It’s funny how time slips by. I regard myself as pretty well travelled within the UK, but that doesn’t mean I’m without blind spots. Given its proximity to York it’s a little surprising that Manchester is one of those. Even more surprising was that, when I gave it some thought, I realised it was 21 years since I paid a visit. When hotels in Manchester got in touch to suggest I popped over for the day to explore Manchester, I was more than happy to right that wrong.
I started my day by hopping on the train to Manchester, a journey I’m familiar with thanks to Manchester Airport being on the same line and one that only takes an hour and a half. Thankfully the train was not as crammed as can be, so I was able to crack on with some work throughout the journey while trying to whittle down my list of places to visit.
When I asked on social media for recommendations to explore Manchester, I hadn’t been prepared for quite how inundated I’d be. The suggestions flooded in and seemed to all be worthy of a check out. A little bit of my decision making was forced by my visiting on a Monday when some places were shut so I crossed a few off my list and was arriving before I knew it.
Arrival at Manchester Piccadilly is now marked by a beautiful sculpture that depicts blinded soldiers in the First World War and was commissioned by Blind Veterans UK. There was another sculpture around the corner from the station that I wanted to check out so I continued that theme to see the memorial to Alan Turing, who of course had strong associations with the city.
By now I was in serious need of caffeine and stumbled across the diminutive and charming Nibble who were perfectly placed to oblige. Suitably refuelled, I made my way onwards to another Manchester institution. Afflecks is a labyrinthine mix of niche retailers that cater for all manner of tastes. I spotted plentiful clothes, lots of vinyl, a tattooist, card games, posters and a shop specialising in Manchester themed memorabilia.
Next up was lunch, something I’d failed to decide upon having been overwhelmed by the quality and breadth of the offering. My decision was made when I happened upon Cottonopolis and checked out the menu. This was strongly recommended by the world of social media and didn’t disappoint. The menu is made of small plates divided into sections roughly aligning with raw, fried, griddled and steamed with some snacks and sides thrown in.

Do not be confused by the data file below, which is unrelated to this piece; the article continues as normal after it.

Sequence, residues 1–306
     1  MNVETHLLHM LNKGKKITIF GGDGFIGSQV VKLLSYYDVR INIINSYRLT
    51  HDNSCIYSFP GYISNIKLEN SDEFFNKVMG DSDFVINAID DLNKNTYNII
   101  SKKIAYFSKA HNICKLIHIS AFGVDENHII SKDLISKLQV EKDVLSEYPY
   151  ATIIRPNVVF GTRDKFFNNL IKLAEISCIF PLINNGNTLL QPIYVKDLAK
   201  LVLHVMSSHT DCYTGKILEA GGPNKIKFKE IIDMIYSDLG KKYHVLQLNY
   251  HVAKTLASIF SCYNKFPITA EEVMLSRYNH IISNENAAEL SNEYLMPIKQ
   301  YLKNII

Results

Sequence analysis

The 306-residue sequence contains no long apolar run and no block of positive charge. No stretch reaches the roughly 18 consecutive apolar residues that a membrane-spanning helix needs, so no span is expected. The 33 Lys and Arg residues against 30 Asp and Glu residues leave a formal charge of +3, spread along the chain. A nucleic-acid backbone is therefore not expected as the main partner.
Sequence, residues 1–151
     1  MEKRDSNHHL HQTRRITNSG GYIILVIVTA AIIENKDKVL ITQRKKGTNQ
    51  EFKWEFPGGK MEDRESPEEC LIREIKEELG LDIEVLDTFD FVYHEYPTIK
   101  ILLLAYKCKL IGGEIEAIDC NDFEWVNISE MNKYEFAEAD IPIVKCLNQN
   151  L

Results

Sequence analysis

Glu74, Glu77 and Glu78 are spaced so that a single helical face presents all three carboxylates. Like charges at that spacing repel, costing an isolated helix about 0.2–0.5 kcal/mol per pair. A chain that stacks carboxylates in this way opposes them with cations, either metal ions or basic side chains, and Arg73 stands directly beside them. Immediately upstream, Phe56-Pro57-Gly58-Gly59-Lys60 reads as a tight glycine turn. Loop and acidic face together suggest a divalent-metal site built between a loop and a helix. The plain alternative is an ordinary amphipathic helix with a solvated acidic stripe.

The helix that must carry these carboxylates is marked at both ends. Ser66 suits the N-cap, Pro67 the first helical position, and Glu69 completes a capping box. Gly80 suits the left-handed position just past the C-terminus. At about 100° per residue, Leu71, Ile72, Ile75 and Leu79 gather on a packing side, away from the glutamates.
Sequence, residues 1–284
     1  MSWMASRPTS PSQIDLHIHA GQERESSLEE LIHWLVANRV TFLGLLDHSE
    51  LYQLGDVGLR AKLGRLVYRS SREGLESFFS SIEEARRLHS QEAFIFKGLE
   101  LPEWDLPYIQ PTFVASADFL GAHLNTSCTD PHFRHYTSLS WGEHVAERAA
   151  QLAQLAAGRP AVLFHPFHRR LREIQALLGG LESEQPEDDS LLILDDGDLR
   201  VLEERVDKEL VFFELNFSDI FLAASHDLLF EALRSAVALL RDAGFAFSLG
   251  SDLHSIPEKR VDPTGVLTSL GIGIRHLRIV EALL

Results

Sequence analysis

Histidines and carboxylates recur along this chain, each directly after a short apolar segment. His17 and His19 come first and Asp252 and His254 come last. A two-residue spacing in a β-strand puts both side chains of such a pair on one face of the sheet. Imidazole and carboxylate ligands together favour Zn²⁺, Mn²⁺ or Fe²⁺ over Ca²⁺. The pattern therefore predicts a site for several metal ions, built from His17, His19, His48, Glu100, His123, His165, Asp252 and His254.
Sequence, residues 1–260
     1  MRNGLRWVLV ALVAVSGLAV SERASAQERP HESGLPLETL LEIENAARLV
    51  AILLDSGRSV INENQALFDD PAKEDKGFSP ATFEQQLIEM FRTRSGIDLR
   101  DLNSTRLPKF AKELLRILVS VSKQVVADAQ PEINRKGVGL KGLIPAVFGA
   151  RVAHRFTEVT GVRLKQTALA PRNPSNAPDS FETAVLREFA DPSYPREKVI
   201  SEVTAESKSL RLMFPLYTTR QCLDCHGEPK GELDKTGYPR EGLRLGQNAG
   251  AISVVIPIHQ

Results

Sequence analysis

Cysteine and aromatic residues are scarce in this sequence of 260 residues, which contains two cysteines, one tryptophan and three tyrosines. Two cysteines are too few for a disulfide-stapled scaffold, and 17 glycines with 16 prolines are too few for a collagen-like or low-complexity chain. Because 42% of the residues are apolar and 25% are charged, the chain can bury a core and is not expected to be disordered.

The welcome was warm and I was made entirely comfortable dining alone with sensible advice given on the menu, from which I chose 3 dishes to make up a light lunch. Yellowfin tuna nigiri arrived first with four pieces neatly presented, which proved hugely satisfying with well seasoned rice and delightful slices of tuna. The seafood theme continued with crab tempura served with togarashi and kimchi mayo. The batter was thankfully light and further given character by the kimchi. I hoped that the final dish to arrive would be the star and I wasn’t disappointed. I’m an absolute sucker for steak tartare so had to get my hands on the Wagyu beef tartare. This one was everything I hoped for, served with quail egg and a honey and mustard miso that gave it a healthy kick. I grabbed a few more suggestions from the server, parted with around thirty quid and made my way onwards.
To make sure I grabbed some culture before I made the return trip East, I headed up to the People’s History Museum. This extensive collection lays out the history of the development of democracy in Britain and proved as fascinating as I’d hoped with plenty of hands-on exhibits and well told stories that gave life to our country’s history, particularly pertinent given the present goings-on in Parliament.
By now the need to think of getting back to the station was becoming relevant, if not pressing, so I made my way over to Hatch. This is a box park similar to Spark:York so I was keen to take in the differences and similarities. A Monday afternoon isn’t the best time to let a venue such as this shine but there were still a healthy few serving a good bunch of happy punters enjoying the sun. I’d initially thought it looked a little on the empty side, but this is the result of new units having been put up for an imminent expansion. It was the perfect spot to finish the day with a superb coffee from Takk.
By happy coincidence, a friend was working in Manchester that day, so I was able to finish off my chance to explore Manchester with a quick drink at one of the bars in the station before resting (well, working) on the train home. I’ve plans to explore Manchester a couple more times this year and now have a great resource of places to try out. It was great fun becoming reacquainted!
The spending money was gifted by Hotels.com, but all views are my own.